When some of the northern Earls, led by Blessed Thomas Percy, established the celebration of Mass again in Durham Cathedral in the Autumn of 1569, Elizabeth Tudor and her Privy Council were thrown into paroxysms of neurosis. Mary Stuart had to be moved further south so that these northern Catholics would not include her in their enterprise - The Northern Rising.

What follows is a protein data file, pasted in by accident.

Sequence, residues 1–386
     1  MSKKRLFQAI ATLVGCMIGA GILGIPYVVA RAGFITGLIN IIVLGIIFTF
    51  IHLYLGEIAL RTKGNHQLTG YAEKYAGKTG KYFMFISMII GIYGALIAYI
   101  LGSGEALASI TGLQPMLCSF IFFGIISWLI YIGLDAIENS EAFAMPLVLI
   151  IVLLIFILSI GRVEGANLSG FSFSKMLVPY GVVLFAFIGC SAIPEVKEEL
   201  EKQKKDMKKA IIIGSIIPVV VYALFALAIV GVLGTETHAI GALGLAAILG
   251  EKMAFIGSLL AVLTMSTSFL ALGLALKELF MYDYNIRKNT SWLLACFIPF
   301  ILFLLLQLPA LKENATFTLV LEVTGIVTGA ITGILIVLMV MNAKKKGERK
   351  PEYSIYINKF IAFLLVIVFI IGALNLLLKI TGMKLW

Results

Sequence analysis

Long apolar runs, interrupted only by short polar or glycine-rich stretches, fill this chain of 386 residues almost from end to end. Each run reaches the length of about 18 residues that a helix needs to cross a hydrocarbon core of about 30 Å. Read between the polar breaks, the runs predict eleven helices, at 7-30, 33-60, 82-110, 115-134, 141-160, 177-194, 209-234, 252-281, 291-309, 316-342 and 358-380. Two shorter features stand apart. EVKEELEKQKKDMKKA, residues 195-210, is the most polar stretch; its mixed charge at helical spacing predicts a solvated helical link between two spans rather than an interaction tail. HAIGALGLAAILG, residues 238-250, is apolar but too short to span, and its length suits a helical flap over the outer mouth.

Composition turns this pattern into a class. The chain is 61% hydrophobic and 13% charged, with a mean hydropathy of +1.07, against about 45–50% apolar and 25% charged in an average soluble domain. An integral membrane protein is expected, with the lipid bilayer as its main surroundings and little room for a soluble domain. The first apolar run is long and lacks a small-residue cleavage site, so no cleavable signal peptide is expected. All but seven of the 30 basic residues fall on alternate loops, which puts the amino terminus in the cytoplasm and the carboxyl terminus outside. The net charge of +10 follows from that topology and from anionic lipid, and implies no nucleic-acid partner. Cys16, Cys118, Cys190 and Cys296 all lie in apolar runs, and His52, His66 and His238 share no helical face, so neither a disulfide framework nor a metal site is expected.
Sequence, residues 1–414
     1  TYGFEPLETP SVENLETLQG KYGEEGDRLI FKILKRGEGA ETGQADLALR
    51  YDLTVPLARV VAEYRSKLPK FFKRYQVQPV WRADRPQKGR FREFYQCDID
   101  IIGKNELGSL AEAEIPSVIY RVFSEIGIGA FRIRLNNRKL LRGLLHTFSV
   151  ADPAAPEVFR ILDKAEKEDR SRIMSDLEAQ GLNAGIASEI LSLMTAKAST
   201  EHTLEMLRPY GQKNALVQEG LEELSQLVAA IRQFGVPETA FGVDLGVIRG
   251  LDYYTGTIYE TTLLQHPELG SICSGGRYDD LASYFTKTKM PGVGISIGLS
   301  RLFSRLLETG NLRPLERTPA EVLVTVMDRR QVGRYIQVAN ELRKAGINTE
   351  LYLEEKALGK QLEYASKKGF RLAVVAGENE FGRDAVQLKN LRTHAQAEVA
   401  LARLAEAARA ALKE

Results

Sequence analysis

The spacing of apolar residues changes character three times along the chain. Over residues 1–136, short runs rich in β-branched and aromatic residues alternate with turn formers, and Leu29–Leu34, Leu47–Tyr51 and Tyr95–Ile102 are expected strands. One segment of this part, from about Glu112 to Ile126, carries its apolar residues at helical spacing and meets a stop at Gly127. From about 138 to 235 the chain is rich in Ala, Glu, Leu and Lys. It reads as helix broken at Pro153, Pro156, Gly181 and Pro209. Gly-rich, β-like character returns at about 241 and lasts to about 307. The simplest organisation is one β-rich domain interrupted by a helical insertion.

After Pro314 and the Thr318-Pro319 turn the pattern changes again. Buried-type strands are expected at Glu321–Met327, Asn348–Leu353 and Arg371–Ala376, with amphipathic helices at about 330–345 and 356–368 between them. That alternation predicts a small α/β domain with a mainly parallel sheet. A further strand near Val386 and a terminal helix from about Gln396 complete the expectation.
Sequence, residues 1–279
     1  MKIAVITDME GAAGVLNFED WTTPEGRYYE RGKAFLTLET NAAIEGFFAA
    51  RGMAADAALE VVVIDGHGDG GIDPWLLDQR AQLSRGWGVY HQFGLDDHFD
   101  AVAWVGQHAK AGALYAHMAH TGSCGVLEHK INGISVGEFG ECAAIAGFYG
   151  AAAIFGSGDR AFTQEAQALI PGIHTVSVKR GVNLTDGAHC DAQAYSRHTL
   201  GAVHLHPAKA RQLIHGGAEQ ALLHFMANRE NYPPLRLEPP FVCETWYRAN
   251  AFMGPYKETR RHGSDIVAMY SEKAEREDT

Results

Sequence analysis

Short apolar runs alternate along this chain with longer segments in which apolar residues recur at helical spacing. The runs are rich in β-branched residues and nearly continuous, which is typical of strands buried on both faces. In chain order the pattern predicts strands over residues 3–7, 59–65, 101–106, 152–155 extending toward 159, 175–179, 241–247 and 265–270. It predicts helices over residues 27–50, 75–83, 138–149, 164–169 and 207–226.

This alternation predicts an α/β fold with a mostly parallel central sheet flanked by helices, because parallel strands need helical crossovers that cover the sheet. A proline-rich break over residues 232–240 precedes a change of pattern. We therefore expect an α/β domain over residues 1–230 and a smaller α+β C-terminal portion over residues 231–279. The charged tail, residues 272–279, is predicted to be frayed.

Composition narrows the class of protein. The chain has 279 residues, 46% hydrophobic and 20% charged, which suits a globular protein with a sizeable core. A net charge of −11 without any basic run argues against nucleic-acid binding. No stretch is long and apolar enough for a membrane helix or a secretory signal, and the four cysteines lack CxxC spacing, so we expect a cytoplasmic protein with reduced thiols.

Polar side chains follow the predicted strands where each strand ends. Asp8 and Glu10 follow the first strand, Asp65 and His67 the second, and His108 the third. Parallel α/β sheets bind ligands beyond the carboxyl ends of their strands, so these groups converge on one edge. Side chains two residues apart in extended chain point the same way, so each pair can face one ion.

In November 1569 Mary was moved to Coventry Castle in Warwickshire. Her party stopped overnight in the castle at Ashby-de-la-Zouch, and then passed south to Coventry. Coventry Castle started as a Norman Motte and Bailey structure. This was demolished towards the end of the 1100s but then substantially rebuilt. Mary Stuart was lodged both in the castle itself and in a house near the castle. She would almost certainly have known the great Hall (photo above) which became the Guildhall of Coventry. Later alterations, not least by Parliament after the Civil war, and then the bombing by Hitler's Luftwaffe in 1942, have destroyed all but one small tower of the castle. It is not thought that the Scottish Queen actaully lodged in this tower, which can still be seen. Mary remained in Coventry until 2nd January 1570, when she returned to Tutbury for the third time.